As our early detection methods worked, we found that high doses of vitamin D and C along with comfort food the patient could eat and using hydration (often using hypodermoclysis — Subq to abdomen or thigh secured with Tegaderm) and supplemental oxygen allowed for a 99% recovery rate including that of our 102-year-old patient.

The small handful of us caring for the increasing number of COVID-19 patients (the 1st one, then another three, then two, then a dozen, and so on as the virus went through the entire building) were often called “filthy” and “dirty” by those coworkers not participating in caring for those infected with the virus. Coworkers would literally scream ugly words at us if we dared leave the area to go to the breakroom (where one needed to go in order to clock in and clock out so we can get paid for our time). We were accused of spreading the infection through the building even though we were frequently tested and not even allowed into the building if we had a temperature (even though those of us who spiked temperatures didn't have the infection per testing); those who did get infected stayed home on quarantine until they had two negative tests separated by two to three days between tests.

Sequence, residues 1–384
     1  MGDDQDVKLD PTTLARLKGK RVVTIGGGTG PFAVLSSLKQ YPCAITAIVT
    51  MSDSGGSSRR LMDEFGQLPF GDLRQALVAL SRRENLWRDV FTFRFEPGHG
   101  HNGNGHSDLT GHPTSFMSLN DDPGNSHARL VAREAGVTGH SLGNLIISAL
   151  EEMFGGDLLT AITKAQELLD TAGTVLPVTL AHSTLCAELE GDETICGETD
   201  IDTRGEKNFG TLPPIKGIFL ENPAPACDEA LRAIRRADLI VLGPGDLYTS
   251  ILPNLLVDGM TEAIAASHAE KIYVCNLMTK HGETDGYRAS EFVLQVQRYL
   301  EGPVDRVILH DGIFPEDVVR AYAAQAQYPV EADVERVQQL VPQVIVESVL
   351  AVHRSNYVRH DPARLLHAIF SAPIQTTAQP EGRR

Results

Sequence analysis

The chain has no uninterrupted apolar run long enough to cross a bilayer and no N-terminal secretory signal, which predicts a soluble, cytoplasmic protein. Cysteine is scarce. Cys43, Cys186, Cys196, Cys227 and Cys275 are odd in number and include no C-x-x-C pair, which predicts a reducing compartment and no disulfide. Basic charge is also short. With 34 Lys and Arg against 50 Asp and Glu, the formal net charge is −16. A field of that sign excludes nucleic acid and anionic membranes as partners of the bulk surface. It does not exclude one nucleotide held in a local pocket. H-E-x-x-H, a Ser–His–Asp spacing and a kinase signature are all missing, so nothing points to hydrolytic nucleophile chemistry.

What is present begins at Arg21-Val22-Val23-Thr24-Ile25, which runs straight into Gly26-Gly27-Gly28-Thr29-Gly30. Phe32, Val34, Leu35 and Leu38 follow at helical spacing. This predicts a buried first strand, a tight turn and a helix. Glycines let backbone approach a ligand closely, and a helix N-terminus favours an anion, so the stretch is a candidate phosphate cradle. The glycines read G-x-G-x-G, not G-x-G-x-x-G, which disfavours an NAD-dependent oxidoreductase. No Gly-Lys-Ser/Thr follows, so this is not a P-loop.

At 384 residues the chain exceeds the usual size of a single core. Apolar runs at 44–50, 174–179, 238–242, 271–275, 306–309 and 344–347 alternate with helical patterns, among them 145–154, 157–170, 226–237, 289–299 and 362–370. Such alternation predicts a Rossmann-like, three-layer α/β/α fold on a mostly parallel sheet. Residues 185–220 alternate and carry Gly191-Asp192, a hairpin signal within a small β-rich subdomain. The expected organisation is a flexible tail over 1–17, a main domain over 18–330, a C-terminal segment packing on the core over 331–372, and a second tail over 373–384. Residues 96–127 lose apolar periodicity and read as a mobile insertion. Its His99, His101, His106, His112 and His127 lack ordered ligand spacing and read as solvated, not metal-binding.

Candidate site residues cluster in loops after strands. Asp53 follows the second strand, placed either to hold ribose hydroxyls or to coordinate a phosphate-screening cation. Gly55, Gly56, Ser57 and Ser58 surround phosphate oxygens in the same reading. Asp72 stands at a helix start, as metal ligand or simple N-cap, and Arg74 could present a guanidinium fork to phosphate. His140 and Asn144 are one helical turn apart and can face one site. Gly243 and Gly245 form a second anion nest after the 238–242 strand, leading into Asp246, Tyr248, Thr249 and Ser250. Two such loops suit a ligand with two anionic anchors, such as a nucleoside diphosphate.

Those employees asked to help threatened to quit, and some while not quitting would walk out of the building abandoning their patients and post, and due to the nursing home being short-staffed were rarely reprimanded or fired.

During these experiences, staff members that were not even anywhere near the infected patients were turning up positive themselves from being in the community. That was the ironic and sad part. They were the ones often screaming and yelling ugly words at those of us providing care for the infected and yet they were the ones often coming down with covid themselves (not that I wish any illness or infection on anyone). I believe that was in part due to those of us providing care wearing N95 masks even in public.

Personally, I cared for as many as forty (40) infected patients per work shift, and not often the same forty as 99% recovered (and not all at the same time). Sometimes the numbers would go into the low 30's, then pop back up as different residents got infected and were brought down to the zippered unit we created to house them and keep them separated from the others (keep in mind, per science the zipper plastic does absolutely nothing to stop an airborne virus spreading). Sometimes the level of care I provided varied from spot-checking in on severe patients, setting up IVs, inserting and setting up hypodermoclysis, and handling changes of conditions. I was also involved in giving medications to forty (40) patients using three medication carts while being responsible for the entire building.